Slaves & Masters
Slavery is a touchy subject, so let me start by saying that this verse is not condoning slavery in any way, shape, or form. Paul is simply using something that is common to them as an illustration. And, the truth is that their slavery was not slavery as we know it. In fact, the word used in this verse is the Greek word, δοῦλος doûlos, (doo’-los) which means, “bondservant.” Slaves in that day were basically indentured slaves. They owed someone a debt and had to work for that person until it was paid off. Sometimes, once that “slave” was freed, they chose to stay on with the master because he was fair and kind. At this point, the master would put the slave’s earlobe against the door post and drive a stake through it, identifying them as his doulos, or voluntary servant for life. If you look throughout the New Testament you will see where Paul, Peter, James, and Jude identified themselves as a doulos for Jesus Christ. If you’d like to know more about this term, I wrote about it in one of my earlier blogs titled, Doulos.
So, now that we have the whole master/slave thing out of the way, what exactly is Paul saying here? Like I said earlier, Paul is just using something that they can relate with to get a point across. This “slave/master” relationship can carry over to our “employee/employer” relationship. Unless you are self-employed you have, at some point, complained about your employer, and possibly even if you are self-employed. I wish I wrote full time, but I do have a day job, I manage a retirement community. I started with them about 5 years ago. This is a large company with retirement communities all over the United States and Michelle and I started working there a few years after it had been bought by an investment group. For its first 35 years, it was a family run company, but they sold it when the owner needed to retire, himself. For the first two and a half years we worked there, it was run much like the owner ran it. There were 2 management couples per community who lived on site. Then, about two and a half years ago when the government started raising minimum wages, the company had to recoup those costs, so they went to a 3-manager model, fired one fourth of their community managers, moved us all off-site, and gave the workload that had been done by 4 managers, to 3 managers. Then, they fired half of their Regional Directors and gave some of the work they used to do to us General Managers. I’d like to say that I never had a bad thought, or said a bad word about them, but I’m human. Michelle wasn’t fired but was made Office Manager at a huge reduction in pay and, coupled with the costs of living off-site, we lost one-fourth of our income, literally overnight.
So, yes, I have been guilty of talking poorly about my earthly “master”, but the one thing I did right is I made a concerted effort to keep working for them as unto God. Look at Ephesians 6:5, “Slaves, obey your earthly masters with deep respect and fear. Serve them sincerely as you would serve Christ.” He doesn’t say to obey them if they treat you right, he says to serve them as you would serve Christ. He goes on in verse 6 to say, “Try to please them all the time, not just when they are watching you. As slaves of Christ, do the will of God with all your heart.” Ouch! So, serve them like you would serve Christ whether they are watching or not. Why? Because Christ is always watching, plus it will show in your work. In today’s world, you not supposed to talk openly about Christ at work, but your boss will know if you are truly living for God and he will be watching. The pastor I grew up under, used to always say that your life may be the only Bible some people ever open. They are watching whether you know it or not.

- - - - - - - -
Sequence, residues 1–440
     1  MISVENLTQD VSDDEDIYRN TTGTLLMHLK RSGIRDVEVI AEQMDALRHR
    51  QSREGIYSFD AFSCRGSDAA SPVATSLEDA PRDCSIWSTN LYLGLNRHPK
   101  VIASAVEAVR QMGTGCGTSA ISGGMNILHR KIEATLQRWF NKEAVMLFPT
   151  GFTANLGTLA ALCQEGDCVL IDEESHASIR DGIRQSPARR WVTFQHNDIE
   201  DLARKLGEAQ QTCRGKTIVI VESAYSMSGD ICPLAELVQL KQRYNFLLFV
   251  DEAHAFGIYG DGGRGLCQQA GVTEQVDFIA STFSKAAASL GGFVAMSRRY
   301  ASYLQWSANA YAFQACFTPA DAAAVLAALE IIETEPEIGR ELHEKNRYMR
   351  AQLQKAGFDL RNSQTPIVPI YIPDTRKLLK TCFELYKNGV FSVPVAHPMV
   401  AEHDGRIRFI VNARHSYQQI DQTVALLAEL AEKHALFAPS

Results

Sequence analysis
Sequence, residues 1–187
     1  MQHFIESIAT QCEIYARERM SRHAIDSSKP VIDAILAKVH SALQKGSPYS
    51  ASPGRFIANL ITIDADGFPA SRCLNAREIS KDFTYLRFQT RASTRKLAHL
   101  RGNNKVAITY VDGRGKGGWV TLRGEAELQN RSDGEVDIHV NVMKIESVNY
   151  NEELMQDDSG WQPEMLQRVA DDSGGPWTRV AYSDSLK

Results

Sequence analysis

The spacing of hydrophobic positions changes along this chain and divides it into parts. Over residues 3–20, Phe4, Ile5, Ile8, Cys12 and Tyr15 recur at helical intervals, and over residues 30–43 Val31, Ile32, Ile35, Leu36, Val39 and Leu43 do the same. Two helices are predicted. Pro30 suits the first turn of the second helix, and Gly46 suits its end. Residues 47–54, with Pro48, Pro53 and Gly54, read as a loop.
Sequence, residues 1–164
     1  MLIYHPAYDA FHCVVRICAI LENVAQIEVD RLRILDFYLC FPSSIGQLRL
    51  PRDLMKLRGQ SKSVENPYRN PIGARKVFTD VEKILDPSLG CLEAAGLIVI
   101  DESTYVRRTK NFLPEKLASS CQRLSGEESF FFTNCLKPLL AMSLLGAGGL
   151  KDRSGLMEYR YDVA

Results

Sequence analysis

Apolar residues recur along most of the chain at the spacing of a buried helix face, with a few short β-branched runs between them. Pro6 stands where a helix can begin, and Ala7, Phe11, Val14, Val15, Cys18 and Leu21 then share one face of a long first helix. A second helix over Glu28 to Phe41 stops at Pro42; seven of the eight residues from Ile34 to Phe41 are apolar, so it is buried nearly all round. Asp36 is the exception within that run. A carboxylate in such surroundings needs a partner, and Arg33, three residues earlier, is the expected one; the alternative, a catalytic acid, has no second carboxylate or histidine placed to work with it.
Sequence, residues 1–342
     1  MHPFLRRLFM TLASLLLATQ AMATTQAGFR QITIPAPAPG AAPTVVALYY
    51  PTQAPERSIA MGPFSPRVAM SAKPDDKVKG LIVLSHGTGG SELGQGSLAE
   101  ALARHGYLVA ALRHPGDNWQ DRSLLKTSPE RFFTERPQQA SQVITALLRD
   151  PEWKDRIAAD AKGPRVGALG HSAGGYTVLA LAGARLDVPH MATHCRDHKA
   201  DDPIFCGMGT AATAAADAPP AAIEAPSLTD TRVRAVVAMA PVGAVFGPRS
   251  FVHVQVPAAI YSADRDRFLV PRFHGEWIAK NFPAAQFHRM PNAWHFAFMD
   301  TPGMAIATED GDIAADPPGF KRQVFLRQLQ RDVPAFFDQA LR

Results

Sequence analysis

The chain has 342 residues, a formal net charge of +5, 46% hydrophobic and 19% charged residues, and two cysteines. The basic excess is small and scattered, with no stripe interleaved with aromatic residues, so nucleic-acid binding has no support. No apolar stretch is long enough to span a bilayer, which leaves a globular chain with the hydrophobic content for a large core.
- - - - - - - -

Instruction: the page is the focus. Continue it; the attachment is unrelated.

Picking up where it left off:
Verse 7 tells us to, “Work with enthusiasm, as though you were working for the Lord rather than for people.” Ask yourself, “do I work enthusiastically?” “Does it look to others like I enjoy my job, or that it’s a chore?” In verse 8 he reminds us, “Remember that the Lord will reward each one of us for the good we do, whether we are slaves or free.” We will be rewarded if we don’t falter. We need to stay the course and endure to the end. Remember what Galatians 6:9 says, “So let’s not get tired of doing what is good. At just the right time we will reap a harvest of blessing if we don’t give up.”
Paul only gives one verse to the masters, he says, “Masters, treat your slaves in the same way. Don’t threaten them; remember, you both have the same Master in heaven, and he has no favorites.” Ephesians 6:9. So, for those of us who are Christian bosses, we need to be fair and not threatening. We need to remember that we serve God, not man.
Don’t forget, those of us who are in a management position, we are servants and masters. We need to work for our master the way we would want those under us to work for us. We need to remember that our masters who are riding us for results are being ridden by their masters. So, if our master isn’t a Christian, and doesn’t act like one, we need to serve him as we would Christ that much more. And, if they ever ask you why you serve with such a good attitude, “Instead, you must worship Christ as Lord of your life. And if someone asks about your hope as a believer, always be ready to explain it.” 1 Peter 3:15. Remember, you can’t get in trouble for sharing the gospel at work if you are simply answering a question that your boss asks. Just sayin’.